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Paper lanterns come in various shapes and sizes and have become the most popular DIY decor idea, of late. They are used to light up apartments, homes, as well as used as Wedding decorations. Once can use plain copier paper, rice paper, paper doilies or any other translucent decorative paper of their choice.
These lanterns are most popular in China, Japan, and other South East Asian countries where they are used during the Lantern Festival as well as in traditional places.
In Japan, the traditional lighting equipment consists of:
- Andon: - This is a lamp which was constructed by stretching paper over a bamboo, metal or wooden frame. Inside this, was a stone or ceramic holder with a cotton wick, which was lit (to light the lamp).
- Bonbori - This type of a Japanese lantern was also constructed with paper stretched over a frame and was therefore similar to the Andon, but was smaller, portable as well as has a six-sided cross section.
- Chochin: - This type of a lantern consisted of a split bamboo frame twisted in the form of a spiral. As an option to paper, silk was also used to cover the frame and protect the flame from the wind. This was mostly used as a hanging lantern and could be collapsed to flatten it.
- Toro: - These are lanterns, which adorned the grounds of Buddhist temples, Shinto Shrines, Japanese Gardens, and other traditional places. These lanterns did not use paper or silk, but instead were made of stone, bronze, iron, or wood.
In, today's DIY section, you can create your own paper lanterns. I have collated instructions from the Internet to 2 distinct type of paper lanterns (giving credit to the original contributors, of course) and I am hoping that you will enjoy folding these!
- Round Paper Lanterns:
First off, we'll start with the traditional, round rice paper lanterns, which are very common, today. No doubt, you can purchase these at local craft stores and decorate them at home, but the instructions below will allow you to make the entire lantern from scratch. These instructions are courtesy eHow.com
Things You'll Need:
Bamboo strips, Tape, Rice Paper, Glue Stick, Socket and light bulb.
- Design your rice paper lantern. You will need to decide on the number and size of your bamboo rungs. Spend time looking at different examples of rice paper lanterns for inspiration.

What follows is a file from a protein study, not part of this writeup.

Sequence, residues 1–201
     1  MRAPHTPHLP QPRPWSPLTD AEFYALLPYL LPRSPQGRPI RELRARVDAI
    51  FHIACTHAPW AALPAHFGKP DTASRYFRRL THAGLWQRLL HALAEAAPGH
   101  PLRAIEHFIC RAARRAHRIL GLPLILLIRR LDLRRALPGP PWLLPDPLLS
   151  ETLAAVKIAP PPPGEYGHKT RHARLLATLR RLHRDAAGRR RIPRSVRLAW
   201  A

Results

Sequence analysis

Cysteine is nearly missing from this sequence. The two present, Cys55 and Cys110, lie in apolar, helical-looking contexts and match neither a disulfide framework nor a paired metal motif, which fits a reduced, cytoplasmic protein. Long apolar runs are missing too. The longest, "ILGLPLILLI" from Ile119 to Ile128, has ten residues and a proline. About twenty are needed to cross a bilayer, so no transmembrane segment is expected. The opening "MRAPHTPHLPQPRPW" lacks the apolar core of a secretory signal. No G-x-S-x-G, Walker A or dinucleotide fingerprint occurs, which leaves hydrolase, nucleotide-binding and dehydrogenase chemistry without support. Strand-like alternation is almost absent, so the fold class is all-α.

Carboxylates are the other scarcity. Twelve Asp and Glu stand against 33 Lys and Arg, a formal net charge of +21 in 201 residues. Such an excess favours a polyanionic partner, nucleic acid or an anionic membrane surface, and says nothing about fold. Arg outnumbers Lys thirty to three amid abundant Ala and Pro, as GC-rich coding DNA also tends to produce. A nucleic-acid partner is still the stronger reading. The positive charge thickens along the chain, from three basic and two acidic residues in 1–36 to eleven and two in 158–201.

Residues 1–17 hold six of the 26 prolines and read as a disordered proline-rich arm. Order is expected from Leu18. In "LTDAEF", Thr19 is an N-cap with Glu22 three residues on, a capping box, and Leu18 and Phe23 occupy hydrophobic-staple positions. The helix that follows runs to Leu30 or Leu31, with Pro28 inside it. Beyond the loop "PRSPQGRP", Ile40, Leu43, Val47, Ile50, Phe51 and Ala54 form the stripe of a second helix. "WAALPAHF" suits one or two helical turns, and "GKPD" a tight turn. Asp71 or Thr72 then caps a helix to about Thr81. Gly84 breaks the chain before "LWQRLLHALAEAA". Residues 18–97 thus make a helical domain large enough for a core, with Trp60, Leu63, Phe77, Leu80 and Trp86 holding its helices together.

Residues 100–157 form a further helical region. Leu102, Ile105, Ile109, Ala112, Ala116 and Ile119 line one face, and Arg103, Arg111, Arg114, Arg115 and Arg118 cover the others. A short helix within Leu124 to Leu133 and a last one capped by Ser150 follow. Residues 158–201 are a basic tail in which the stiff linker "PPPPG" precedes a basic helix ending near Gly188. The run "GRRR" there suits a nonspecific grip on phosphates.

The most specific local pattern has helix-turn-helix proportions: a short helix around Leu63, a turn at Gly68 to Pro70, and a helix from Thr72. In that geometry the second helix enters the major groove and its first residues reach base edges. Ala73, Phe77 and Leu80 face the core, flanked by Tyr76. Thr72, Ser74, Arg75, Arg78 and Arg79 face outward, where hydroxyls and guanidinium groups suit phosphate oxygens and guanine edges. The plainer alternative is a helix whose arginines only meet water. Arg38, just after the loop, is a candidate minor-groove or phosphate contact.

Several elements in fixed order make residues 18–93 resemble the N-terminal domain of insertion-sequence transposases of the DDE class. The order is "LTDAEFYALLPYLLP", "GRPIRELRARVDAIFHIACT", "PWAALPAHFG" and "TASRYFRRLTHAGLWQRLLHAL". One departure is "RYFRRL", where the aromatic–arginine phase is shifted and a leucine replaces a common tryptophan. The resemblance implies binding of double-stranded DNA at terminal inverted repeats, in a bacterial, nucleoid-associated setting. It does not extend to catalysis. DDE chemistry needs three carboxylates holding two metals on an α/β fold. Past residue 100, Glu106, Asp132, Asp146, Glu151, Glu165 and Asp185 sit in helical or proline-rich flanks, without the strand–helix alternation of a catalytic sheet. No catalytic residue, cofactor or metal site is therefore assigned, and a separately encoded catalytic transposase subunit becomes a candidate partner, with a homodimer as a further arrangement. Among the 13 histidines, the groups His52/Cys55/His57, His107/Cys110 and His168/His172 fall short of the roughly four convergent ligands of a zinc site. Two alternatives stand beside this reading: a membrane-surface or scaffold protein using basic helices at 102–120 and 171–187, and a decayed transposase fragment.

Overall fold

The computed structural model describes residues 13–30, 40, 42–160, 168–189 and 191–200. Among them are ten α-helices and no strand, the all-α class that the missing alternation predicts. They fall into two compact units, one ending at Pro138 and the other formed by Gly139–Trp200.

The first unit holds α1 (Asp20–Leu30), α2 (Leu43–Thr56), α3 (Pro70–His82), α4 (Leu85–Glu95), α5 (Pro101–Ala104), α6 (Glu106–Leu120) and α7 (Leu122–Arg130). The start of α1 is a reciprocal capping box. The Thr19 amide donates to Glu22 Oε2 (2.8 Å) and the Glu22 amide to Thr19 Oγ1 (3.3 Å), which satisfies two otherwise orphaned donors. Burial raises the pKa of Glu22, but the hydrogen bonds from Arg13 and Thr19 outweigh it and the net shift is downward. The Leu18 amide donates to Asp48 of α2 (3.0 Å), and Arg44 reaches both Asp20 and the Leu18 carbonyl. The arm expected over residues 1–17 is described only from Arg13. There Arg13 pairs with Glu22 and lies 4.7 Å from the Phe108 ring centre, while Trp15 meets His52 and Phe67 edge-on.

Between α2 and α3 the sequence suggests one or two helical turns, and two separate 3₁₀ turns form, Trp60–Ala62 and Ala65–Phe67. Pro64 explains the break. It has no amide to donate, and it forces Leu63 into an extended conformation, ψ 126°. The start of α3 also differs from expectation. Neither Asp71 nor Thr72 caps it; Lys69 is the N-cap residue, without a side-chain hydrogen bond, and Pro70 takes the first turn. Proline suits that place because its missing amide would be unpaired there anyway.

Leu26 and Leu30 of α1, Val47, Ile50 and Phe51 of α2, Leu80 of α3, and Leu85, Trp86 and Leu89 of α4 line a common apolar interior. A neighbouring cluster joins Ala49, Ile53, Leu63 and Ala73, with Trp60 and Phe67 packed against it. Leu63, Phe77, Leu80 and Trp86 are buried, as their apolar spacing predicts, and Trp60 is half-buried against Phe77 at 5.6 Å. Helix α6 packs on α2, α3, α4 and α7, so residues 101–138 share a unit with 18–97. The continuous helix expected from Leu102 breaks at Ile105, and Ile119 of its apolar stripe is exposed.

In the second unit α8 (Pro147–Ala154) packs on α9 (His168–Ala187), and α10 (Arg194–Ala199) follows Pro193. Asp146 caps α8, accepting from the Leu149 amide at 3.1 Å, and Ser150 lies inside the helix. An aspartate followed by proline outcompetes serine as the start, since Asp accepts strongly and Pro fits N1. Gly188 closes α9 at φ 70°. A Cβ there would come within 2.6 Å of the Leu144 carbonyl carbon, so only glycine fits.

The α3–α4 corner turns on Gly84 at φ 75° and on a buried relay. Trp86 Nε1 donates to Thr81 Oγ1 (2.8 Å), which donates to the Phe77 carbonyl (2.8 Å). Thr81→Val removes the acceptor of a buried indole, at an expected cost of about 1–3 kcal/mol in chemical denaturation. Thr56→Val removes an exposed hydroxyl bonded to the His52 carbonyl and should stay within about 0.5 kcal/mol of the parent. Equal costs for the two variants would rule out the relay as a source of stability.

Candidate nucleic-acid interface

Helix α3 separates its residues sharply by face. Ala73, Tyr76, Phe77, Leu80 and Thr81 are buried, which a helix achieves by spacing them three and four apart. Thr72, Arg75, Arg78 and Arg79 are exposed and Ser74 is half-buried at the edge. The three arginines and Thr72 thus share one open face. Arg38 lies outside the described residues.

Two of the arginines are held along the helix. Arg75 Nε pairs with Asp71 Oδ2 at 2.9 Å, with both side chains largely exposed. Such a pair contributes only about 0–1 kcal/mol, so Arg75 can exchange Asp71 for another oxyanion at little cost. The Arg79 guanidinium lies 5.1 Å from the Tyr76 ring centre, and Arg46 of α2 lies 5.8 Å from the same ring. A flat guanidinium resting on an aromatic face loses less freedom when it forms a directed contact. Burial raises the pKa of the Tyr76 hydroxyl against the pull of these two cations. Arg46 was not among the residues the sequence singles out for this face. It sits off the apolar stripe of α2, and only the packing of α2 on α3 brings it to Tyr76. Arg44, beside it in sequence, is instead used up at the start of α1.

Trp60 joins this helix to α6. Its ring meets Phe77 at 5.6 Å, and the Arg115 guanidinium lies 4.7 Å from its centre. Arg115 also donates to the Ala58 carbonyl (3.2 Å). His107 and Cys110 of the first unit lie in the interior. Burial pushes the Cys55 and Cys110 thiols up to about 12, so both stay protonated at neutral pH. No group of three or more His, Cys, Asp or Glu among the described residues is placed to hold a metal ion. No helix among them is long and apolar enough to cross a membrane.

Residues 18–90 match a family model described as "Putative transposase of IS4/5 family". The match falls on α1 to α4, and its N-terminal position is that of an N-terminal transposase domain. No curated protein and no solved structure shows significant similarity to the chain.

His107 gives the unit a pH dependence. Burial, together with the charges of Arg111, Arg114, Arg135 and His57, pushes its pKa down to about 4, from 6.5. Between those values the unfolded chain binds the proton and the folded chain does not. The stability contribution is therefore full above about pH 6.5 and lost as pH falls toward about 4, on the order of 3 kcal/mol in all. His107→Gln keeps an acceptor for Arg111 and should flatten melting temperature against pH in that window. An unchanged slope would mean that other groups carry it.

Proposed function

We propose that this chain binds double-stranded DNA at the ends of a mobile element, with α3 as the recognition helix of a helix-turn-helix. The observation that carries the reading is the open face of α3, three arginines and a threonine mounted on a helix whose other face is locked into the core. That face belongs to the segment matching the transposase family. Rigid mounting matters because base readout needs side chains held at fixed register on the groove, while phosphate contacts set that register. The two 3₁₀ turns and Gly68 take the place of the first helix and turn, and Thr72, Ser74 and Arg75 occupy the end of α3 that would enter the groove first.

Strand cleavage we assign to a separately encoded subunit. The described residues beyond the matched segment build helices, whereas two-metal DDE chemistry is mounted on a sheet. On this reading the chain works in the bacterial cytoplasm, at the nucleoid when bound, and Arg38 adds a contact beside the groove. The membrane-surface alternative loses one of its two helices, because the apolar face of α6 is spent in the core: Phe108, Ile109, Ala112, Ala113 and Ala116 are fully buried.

- Obtain your bamboo strips according to your design. Cut them to the desired length of your lantern's circumference.
- Bend each piece of wood into a circle, attaching each end together with masking tape. To soften the wood for bending, heat it over a flame. Once bent and taped to your satisfaction, place the bamboo rings in cold water so that the new shape is made firm.
- Attach your bamboo circles to each other using either tape or string according to your design. The smaller loops are almost always placed on top and bottom.
- Attach a socket and bulb to the top rung using tape, with the socket hanging upside down. You can either run a line from the top of the lantern or use a battery-powered socket.
- Attach your tassel to the small bottom rung of your lantern.
- Cut out a piece of rice paper about an inch wider than the lantern's circumference and slightly longer than the length of the lantern's height. Wrap it around the lantern and attach both ends of the paper with a glue stick on the back side. Fold the excess over the top and bottom of the lantern frame and attach to the top and bottom rings with glue stick.
- Tighten the rice paper over the frame by lightly spraying a mist of water onto the paper's surface and waiting for it to dry.
- Hang your rice paper lantern. Hang a cord from the top bamboo rung.
You can decorate your paper lanterns with tissue paper polka dots with the help of instructions from The Swell Life. You can also cut out other shapes or patterns for your lantern using this idea.
2. Paper Lantern Ornaments:
These lanterns are non-traditional and can be made with strips of paper or card stock. You will be able to get a good selection of wrapping paper as well as cardstock now that the holiday season is nearing. These DIY Instructions can be found at The Creative Place.